For Norval White and Elliot Willensky, editors of the AIA Guide to New York City, the complex immediately joined the ranks of “distinguished housing architecture”, along with the Dakota, Butterfield House, 131-135 East 66th Street and Williamsburg Houses. Paul Goldberger, in his book “The City Observed”, said that Chatham Towers, in contrast to its neighbor, Chatham Green, “has aged well, and even though it could be called heavy-handed Corbusier, it is well-scaled, comfortable, and visually attractive, qualities which help any building survive the passage of time.
“With its raw concrete and late Corbusian flourishes at the base and penthouse, the Towers are often described as Brutalist. However, their monumental geometry seems just as inflected by Louis Kahn, and their mannered details by the refined late Modernism then being practiced in Boston (TAC, Benjamin Thompson).’’
“Co-Ops Planned Near Chinatown”, The New York Times, February 15, 1961. pg. 28.
“Plans Cleared for Second Co-Op In Civic Center Area at City Hall”, Charles G. Bennett, The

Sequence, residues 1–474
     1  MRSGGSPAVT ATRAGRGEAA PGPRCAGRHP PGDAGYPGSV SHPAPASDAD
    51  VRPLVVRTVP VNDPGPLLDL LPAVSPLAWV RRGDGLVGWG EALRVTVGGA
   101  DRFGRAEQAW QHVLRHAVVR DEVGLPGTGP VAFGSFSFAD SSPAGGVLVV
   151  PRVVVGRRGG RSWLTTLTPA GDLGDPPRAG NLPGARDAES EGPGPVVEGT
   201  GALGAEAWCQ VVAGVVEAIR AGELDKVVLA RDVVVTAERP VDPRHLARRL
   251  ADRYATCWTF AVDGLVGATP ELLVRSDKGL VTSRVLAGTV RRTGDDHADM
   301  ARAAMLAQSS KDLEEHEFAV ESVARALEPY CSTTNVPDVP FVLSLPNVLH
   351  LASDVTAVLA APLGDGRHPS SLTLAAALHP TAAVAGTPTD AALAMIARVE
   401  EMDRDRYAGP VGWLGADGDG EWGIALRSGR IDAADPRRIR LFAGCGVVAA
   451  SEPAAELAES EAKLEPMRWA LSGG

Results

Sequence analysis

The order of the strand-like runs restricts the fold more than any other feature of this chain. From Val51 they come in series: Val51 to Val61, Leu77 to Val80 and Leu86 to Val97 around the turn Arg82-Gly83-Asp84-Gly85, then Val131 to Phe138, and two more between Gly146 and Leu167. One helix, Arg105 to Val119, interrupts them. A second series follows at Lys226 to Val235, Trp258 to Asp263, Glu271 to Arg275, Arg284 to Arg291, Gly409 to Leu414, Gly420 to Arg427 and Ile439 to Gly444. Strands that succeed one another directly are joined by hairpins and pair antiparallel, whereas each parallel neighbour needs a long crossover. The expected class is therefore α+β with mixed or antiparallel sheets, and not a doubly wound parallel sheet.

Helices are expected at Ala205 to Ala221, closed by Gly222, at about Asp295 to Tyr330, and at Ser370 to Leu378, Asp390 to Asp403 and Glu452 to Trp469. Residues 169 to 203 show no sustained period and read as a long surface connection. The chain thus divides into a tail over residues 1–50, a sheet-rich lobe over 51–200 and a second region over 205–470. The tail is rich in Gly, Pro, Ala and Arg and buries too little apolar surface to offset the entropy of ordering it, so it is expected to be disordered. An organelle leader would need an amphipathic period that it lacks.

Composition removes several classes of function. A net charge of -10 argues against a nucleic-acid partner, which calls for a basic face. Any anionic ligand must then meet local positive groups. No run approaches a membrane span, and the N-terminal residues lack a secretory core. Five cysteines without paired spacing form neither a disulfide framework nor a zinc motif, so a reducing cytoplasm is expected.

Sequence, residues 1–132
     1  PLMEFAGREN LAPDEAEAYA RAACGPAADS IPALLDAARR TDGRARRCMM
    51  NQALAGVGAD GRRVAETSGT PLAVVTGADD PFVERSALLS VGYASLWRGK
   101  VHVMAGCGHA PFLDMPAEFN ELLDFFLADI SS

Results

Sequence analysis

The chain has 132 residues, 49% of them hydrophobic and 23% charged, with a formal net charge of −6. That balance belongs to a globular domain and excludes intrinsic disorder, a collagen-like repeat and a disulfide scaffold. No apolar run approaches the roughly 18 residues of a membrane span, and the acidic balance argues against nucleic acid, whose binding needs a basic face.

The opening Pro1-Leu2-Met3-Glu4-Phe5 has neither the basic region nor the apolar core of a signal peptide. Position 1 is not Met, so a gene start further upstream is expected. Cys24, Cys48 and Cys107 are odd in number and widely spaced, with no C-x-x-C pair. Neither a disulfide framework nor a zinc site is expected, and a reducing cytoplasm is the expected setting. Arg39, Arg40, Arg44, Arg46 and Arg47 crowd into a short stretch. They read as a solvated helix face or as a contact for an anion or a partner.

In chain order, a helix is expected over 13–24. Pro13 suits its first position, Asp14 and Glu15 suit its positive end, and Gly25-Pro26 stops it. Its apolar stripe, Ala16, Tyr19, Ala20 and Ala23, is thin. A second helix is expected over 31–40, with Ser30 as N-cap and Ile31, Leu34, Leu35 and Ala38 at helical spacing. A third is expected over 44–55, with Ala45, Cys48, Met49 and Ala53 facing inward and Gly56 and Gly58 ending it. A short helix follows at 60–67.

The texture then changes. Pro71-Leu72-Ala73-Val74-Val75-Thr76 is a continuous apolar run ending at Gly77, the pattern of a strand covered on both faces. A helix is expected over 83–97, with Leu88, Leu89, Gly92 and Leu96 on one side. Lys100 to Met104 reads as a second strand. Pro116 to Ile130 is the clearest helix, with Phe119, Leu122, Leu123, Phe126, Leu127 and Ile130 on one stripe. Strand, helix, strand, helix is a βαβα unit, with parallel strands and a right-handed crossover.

New York Times, July 7, 1963. pg. 43.
“Twin-Tower Co-op Development Rises in a Once-Seamy Section of Lower Manhattan”, The
New York Times, April 12, 1964. pp. R1, 8.
“Gypsum Gets Manhattan Test In The Chatham Towers Project”, Charles Friedman, The New York Times, January 17, 1965. pp. R1, 7.
“Co-op Equipment Displayed At Chatham Towers Office”, The New York Times, March 7, 1965.
“Chatham Towers (New York City)” Empire State Architect 25 (1965): 27-28.
“Co-op Near City Hall Will Be Dedicated Today”, The New York Times, November 14, 1965.
“Chatham Towers, New York” Deutsche Bauzeitung 100 (1966): 837-840.
“Tours D’Habitation a New York” Architecture d’Aujourd’ hui 36 (1966): 94-95.
Ellen Perry. “Middle Income Project In Lower Manhattan” Progressive Architecture 47 (1966):
“Tenant-Owners Helping to Sell Apartments at Chatham Co-op”, The New York Times,
May 15, 1966. pg. R1.
“Two Manhattan Apartment Complexes Given Awards”, The New York Times, May 14, 1967.
“1967 Bard Awards Announced” Empire State Architect 27 (1967): 6-10.
Goldberger, Paul. Photography by David W. Dunlap. The City Observed: New York, A Guide to the Architecture of Manhattan. New York: Vintage Books, 1979, ill.
Tauranac, John, Essential New York: A Guide to the History and Architecture of Manhattan’s
Important Buildings, Parks, and Bridges . New York: Holt, Rinehart and Winston, 1979, ill.
Stern, Robert A. M., Thomas Mellins, and David Fishman.New York 1960: Architecture and Urbanism Between the Second World War and the Bicentennial. New York: Monacelli Press, 1995, ill.
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Crown Publishers, 2000, fourth ed., ill.
Kimbro Frutiger. “Chatham Towers: Modernism and the Middle Class” DOCOMOMO/US Newsletter (Spring 2001): 1 & 9.